Every day, Isih Sukaesih would ritually wash her hands, feet, and face. This ritual, called wudu, is required of Muslims before prayer or reading the Qu’ran. For the first twenty years of her life Isih performed these acts without incident or much thought.
However, in the mid-1940s, when Isih was still a young woman, her life would change forever. Japan invaded Indonesia and took control of most of the country in a brutal occupation that included mass starvation and forced labor. It would cost over 4,000,000 lives before Indonesia would gain independence again.
It was during this time of occupation that Isih one day went to perform her ritual washing as she always had. The water felt cold and refreshing on her hands and feet, but as soon as she washed her face and some water came in contact with her eyes, all she felt was a burning pain. Japanese troops had poisoned all the wells in her city. She said, “I got a lot of pain in my eyes and suddenly I could not see. I went to a doctor, a specialist, and he performed a surgery, but totally failed.”
Even in This, God Was Working
Isih’s family could no longer care for her now that she was blind, so they sent her to a blind community in Bandung, a city not far from her home. In this community she met a blind man who was a Christian. Through him she learned about Christ and what he had done for her. She stopped performing wudu because she became a committed follower of Jesus Christ.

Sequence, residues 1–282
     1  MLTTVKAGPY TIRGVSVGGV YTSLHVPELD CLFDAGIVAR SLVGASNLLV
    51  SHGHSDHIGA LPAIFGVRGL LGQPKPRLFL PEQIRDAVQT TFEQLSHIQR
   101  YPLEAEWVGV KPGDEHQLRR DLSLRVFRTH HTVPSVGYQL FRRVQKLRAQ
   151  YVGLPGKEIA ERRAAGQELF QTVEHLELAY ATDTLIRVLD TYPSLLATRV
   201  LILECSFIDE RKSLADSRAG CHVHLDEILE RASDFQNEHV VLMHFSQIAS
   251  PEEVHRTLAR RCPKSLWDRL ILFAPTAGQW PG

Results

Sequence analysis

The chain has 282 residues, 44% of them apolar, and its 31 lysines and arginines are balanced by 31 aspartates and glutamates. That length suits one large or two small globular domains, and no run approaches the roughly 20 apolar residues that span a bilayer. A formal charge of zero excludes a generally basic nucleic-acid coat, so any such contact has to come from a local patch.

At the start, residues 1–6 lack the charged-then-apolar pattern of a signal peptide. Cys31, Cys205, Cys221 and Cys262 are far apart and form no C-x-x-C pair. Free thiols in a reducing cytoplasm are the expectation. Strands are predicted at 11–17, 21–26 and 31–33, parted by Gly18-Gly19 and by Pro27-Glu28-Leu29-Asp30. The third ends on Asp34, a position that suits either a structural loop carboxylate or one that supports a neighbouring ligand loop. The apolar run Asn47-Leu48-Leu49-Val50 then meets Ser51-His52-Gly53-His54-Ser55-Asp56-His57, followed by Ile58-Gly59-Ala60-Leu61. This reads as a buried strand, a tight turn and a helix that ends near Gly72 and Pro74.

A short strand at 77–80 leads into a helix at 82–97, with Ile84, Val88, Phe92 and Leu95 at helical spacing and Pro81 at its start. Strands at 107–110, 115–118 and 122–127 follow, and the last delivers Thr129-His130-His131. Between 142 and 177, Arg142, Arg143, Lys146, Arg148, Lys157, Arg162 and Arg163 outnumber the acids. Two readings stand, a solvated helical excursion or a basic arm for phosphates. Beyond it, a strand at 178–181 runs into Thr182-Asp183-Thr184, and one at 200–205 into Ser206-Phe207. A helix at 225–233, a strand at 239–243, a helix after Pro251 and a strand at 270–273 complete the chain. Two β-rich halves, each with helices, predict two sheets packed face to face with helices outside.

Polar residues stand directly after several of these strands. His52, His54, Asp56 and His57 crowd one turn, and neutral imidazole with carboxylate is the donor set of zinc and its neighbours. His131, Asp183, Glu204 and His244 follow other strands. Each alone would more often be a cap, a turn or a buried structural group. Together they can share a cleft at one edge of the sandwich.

In 1997 Isih moved to the Eben Haezer Blind Foundation, a Christian community for the blind. This small community serves as one of over 200 YKB listener communities (see sidebar) spread throughout Indonesia. These listener communities are the backbone of YKB’s ministry in Indonesia.
Listening, Talking, Joining Together
At the most basic level, listener communities tune in to the programs and talk about what they’ve heard. These communities meet in homes, in churches, or under the open sky. They range in size from a few people up to one hundred. Where the listener community is paired with a church it becomes an integral aspect of the congregation’s outreach. Communities in unreached areas become a kind of seed that could one day grow and bloom into a church.
Starting listener communities takes planning and work; each one has a designated coordinator who must be trained and mentored. But if radio ministry makes sense in Indonesia because so many people live in remote areas, it makes even more sense to use radio to teach and encourage blind people such as those living in Eben Haezer.
The Effort Is Worth It
Not only is Isih now able to get support for her basic daily needs, but she also feels encouraged to be living in a community of Christians. Isih explains, “Since I moved to this new community, I feel that I am blessed because I have a lot of opportunity to learn the Word of God, such as through the Braille Bible, and through the radio programs.”
During a 2012 visit, Dave Bast gave Isih a portable radio, a gift she cherishes. Every morning she listens to the radio program, enjoying both the songs and the sermons. When the program ends she goes to work in the community garden, but even then her radio is always close at hand.